It was not only students and young people involved in the tumultuous social/political struggles permeating the campus during the 1960s and 70s. The issues rocking the campus naturally created divisions among academics, and most particularly those in history and the other the social sciences where the sorts of issues being played out on the streets were the very subject of academic instruction. In this context one can easily appreciate that Maurice Meisner would have connected to like-minded colleagues in the history department, resulting in a personal friendship with Professor Harvey Goldberg whose study of social movements in modern Europe mirrored Meisner's similar study of contemporary China. Goldberg was very well known and became extremely popular among radical students who would pack his lecture hall as he delivered his Harvey Goldberg#Teacher, memorable orations which often took less the form of history lectures than as passionate political statements. Their friendship endured well past the heyday of campus activism, with them spending considerable time together as Goldberg's health suffered toward the late 1980s. Struck by the death of his friend in 1987, Meisner was instrumental in establishing the ''Harvey Goldberg Center for the Study of Contemporary History'' to honor and remember the beloved professor. In the spirit of Harvey Goldberg, the center would go on to sponsor quite a number of speakers, conferences and symposia especially around issues of social concern, connecting the study of history and society with activism as well as maintaining an archive of Goldberg's work. Maurice Meisner assumed the title of ''Harvey Goldberg Professor of History'' for the remainder of his university career. Towards the end of his life, in 2009, a conference was held in honor of Meisner's distinguished career entitled "Reflections on History and Contemporary Change in China Before and After Tiananmen." The four-day conference, co-sponsored by the Harvey Goldberg Center, included a number of Meisner's former students, now themselves noted scholars of Chinese history. Following that conference three of Meisner's former students undertook to author and edit a book entitled ''Radicalism, Revolution, and Reform in Modern China: Essays in Honor of Maurice Meisner''. The authors presented Meisner with an early copy of the book honoring him in 2011, the year before he died.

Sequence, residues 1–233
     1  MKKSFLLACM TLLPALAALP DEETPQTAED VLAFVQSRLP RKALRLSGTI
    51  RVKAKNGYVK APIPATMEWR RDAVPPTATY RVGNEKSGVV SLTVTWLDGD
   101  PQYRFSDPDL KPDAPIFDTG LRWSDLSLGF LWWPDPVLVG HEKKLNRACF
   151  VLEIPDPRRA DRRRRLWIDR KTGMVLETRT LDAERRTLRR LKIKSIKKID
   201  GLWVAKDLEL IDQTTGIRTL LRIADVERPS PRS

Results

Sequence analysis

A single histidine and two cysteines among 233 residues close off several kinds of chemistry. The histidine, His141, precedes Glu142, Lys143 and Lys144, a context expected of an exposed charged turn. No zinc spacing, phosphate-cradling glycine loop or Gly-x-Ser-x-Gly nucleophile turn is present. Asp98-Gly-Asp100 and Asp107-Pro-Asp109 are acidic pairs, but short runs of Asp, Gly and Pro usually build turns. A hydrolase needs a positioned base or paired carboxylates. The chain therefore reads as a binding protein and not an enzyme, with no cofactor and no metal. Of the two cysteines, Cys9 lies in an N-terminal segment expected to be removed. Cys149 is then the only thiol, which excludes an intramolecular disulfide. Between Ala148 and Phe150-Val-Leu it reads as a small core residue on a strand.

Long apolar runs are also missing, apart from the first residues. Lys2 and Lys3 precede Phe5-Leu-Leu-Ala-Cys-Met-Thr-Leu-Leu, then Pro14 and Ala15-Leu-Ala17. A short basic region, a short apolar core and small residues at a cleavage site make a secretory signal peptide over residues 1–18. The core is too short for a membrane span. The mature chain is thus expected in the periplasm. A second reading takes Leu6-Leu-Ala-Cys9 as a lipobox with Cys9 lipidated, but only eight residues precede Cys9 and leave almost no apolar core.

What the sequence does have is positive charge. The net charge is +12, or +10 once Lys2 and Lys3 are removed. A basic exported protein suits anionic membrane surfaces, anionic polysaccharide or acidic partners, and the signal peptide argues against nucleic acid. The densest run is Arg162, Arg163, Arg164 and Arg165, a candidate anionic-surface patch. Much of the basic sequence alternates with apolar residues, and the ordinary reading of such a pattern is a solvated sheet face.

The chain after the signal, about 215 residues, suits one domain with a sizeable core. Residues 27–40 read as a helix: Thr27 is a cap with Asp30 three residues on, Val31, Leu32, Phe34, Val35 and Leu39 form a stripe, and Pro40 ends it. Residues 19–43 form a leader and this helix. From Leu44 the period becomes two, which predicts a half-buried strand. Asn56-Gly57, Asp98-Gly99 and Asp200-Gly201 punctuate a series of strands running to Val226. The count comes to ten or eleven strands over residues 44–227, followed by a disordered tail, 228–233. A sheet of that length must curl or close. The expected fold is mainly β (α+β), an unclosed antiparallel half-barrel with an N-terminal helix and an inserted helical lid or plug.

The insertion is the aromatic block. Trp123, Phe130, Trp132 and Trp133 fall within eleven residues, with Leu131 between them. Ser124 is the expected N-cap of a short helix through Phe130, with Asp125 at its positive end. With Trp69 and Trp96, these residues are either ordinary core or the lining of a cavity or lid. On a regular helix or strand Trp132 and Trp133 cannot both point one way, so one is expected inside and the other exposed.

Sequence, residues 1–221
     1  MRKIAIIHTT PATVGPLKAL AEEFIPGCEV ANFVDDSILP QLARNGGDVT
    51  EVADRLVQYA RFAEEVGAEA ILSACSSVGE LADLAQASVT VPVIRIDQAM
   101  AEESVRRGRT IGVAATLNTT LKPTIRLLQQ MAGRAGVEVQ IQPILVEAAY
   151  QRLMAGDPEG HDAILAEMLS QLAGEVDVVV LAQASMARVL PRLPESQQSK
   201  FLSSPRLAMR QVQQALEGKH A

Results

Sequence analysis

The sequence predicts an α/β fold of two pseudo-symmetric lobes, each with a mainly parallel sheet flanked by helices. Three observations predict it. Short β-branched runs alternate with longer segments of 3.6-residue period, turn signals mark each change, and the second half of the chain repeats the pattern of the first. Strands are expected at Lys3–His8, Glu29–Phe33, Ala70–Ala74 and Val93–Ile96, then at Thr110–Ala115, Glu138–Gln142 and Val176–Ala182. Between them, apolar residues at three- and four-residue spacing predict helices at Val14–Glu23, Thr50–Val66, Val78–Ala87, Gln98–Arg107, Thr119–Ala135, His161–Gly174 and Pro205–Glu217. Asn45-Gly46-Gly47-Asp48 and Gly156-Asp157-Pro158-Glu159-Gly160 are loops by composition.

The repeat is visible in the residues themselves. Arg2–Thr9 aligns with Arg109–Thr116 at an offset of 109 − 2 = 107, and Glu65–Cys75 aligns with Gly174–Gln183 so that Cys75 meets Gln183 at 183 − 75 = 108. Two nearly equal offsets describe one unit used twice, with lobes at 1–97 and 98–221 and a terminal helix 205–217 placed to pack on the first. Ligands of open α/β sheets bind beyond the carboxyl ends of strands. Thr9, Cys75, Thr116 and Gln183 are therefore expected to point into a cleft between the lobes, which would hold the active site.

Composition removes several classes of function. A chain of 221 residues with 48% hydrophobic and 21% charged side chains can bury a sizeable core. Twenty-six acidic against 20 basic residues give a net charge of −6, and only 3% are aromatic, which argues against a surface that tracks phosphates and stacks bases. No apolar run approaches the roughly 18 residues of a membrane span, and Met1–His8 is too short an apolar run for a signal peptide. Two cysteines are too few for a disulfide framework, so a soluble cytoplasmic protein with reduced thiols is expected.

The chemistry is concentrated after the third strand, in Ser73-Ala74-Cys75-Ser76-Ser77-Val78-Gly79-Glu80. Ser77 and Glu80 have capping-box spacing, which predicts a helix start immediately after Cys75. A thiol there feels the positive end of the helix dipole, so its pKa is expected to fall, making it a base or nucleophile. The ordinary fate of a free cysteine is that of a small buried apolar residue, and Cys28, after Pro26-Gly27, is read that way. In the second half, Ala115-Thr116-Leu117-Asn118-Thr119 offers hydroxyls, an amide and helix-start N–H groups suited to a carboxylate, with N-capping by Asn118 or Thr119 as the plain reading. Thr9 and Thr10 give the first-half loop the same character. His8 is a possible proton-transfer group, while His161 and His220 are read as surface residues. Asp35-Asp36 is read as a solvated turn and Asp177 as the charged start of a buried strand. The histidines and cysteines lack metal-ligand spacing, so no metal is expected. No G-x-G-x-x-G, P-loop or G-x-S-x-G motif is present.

Major works